Monthly Archives: May 2018

The Ontario election: Why Doug Ford is the enemy of the “little guy”

While campaigning as the voice of the “little guy”, Doug Ford’s PC’s are actually joined at the hip with corporate interests that are pushing a detailed policy agenda that will make life worse for many Ford supporters.

Introduction

A previous post made the argument that the core appeal of Doug Ford populism (much like Trump populism) is a cultural resentment against the professional class as opposed to an economic populism in which working and middle class resentment is directed against the wealthy and large corporations. In other words, the “elites” that Ford rants against are professionals such as bureaucrats, academics, lawyers, journalists and teachers who Ford portrays as “looking down” on average Ontarians. The article goes on to point out that while there is considerable truth to the fact that the professional class has a limited interest and little empathy for the everyday, pocketbook concerns of average Ontarians, this isn’t exactly news and while unfortunate, there really isn’t a public policy response to this indifference.  Moreover Ford, a rich man’s son like Trump, has no interest in improving the lives of everyday Ontarians and his PC program (such as it is), is evidence of this.

The article went on to contrast  Ford populism with an economic populism in which the “elites” are large corporations whose business practices have directly resulted in an increase in part-time, low wage jobs and the loss of good quality, full-time jobs (especially in the manufacturing and resource sectors). These economic trends have hurt many Ford supporters and economic populism embraces a set of policies that would actually improve the lives of Ford voters.

That article also argued that these two kinds of populism have considerable appeal to Ontario voters without university degrees with broadly similar social values. However, when it comes to voting intentions, those not affiliated with a union (or not living in a community with a labour tradition), lean towards a Ford-style cultural populism in which the elite “villains”  are essentially “know-it-all” professional types who “think they are better than me”. In contrast, those with a union affiliation (or who live in a community with a labour tradition), lean towards an anti-corporate, economic populism most associated with the NDP.

The article further argued that Andrea Horwath’s NDP are in a good position to tap into those who hold to this anti-corporate, economic populism. Recent polls suggest that this is exactly what is happening in the Ontario election with a surge in support for Horwath’s NDP – especially in the economically hard hit regions of the Southwest and North which have seen a massive loss of well paying manufacturing and resource jobs in the past decade.

While the NDP may be pulling even with the PC’s in terms of the popular vote, as of this writing (May 25th), the most recent polls still suggest that the Ford PC’s have a very good chance of winning  a plurality of seats with at least some chance of forming a majority government. Therefore, the question of what a Doug Ford government would actually do during its time in office needs to be examined closely. Continue reading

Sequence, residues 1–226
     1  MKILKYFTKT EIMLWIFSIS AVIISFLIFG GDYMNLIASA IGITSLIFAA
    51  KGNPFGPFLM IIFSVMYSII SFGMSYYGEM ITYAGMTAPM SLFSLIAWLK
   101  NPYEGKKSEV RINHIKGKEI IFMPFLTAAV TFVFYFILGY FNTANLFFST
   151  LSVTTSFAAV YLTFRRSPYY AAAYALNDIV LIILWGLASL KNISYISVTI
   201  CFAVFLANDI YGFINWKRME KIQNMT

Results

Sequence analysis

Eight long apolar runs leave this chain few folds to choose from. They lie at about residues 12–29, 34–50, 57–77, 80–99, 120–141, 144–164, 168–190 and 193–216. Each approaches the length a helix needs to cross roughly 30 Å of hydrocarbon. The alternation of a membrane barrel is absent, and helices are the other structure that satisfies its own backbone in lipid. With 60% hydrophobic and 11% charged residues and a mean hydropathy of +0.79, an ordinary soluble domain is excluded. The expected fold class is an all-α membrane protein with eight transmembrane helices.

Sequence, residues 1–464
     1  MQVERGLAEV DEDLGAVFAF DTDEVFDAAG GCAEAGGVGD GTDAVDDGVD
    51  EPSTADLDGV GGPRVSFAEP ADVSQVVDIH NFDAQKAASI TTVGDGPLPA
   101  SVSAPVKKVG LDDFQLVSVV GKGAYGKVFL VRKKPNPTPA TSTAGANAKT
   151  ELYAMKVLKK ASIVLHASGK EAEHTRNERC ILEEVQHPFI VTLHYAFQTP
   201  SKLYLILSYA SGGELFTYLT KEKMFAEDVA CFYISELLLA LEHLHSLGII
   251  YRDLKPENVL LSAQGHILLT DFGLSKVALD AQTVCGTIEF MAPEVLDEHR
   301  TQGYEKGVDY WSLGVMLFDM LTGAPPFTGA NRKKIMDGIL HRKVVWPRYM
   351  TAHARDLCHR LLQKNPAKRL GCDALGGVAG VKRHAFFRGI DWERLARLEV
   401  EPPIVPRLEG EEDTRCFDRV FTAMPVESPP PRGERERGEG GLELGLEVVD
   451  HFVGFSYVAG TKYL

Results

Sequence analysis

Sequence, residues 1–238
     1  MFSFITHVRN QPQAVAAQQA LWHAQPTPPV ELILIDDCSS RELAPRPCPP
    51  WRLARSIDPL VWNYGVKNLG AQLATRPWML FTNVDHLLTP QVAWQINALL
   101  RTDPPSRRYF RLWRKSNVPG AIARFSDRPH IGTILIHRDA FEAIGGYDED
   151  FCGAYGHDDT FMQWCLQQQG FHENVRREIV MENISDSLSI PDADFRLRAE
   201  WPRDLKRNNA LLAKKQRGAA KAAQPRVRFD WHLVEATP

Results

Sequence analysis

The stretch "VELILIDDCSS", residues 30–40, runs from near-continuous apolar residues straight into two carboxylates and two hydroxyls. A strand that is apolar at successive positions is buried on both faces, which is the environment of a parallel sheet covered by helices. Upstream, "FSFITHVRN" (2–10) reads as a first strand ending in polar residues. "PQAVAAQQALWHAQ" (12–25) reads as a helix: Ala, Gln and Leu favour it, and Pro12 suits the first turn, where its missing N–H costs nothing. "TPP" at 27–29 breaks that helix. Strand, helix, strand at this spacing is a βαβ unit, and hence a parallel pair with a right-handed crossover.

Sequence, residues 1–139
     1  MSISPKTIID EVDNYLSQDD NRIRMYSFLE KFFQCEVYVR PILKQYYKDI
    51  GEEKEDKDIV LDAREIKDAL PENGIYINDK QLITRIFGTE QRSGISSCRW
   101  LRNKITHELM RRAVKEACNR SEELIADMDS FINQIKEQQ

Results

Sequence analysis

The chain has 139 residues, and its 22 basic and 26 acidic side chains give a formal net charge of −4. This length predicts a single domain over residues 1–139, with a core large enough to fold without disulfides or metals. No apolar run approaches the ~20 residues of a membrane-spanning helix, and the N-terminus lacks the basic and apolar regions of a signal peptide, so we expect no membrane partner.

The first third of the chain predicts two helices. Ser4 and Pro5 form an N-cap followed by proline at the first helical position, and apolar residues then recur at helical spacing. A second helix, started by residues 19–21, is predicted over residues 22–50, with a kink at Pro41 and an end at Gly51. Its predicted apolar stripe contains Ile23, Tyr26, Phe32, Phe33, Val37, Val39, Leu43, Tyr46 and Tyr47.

Ford populism and the 2018 Ontario election

While there is an element of economic resentment in Ford populism, economic elites are not its targets and it is first and foremost an appeal to Ontarians who feel ignored and disrespected by what might be called Ontario’s “professional class”. However, there is also considerable support in Ontario for a very different sort of populism – an economic populism – that would actually improve the lives of working and middle class Ontarians. Andrea Horwath’s NDP are in a good position to capture that vote.

Introduction

This is the first in a series of articles on the upcoming June 7, Ontario election. The series will look at both the partisan political strategies and policy issues at play during the election.

This article takes an in-depth look at the dynamics of Ford populism and the basis of its appeal to its supporters. The basic argument is that the core appeal of Ford populism is cultural resentment against the professional class as opposed to an economic populism in which the resentment is directed against the wealthy and large corporations.

The article argues that the two kinds of populism appeal to voters without university degrees with broadly similar social values. However, when it comes to voting intentions,  those not affiliated with a union nor living in a community with a strong labour tradition, lean towards a Ford-style cultural populism. In contrast, those with a union affiliation (or living in a community with a strong labour tradition), lean towards an anti-corporate, economic populism.

The PC’s seem destined for at least a plurality of seats

All Ontario polls done since Doug Ford was elected PC leader suggest a solid, PC majority government on June 7. These polls are relatively consistent with polls done before the Ford PC leadership victory although the consistency likely masks at least some shifts in PC support at the riding level (i.e. PC support has likely gone up in working class ridings in the GTA and down in affluent, well-educated ridings in central Toronto and Ottawa).

As of this writing (May 10), CBC’s Poll Tracker (which combines and weights recent polls) gave the Ford PC’s 41.1% of the vote, the Horwath New Democrats 27.2%, and the Wynne Liberal’s 25.7%.

The Poll Tracker gives the PC’s a 90% chance of winning a majority government and a 95% chance of winning a plurality of seats.

 

Continue reading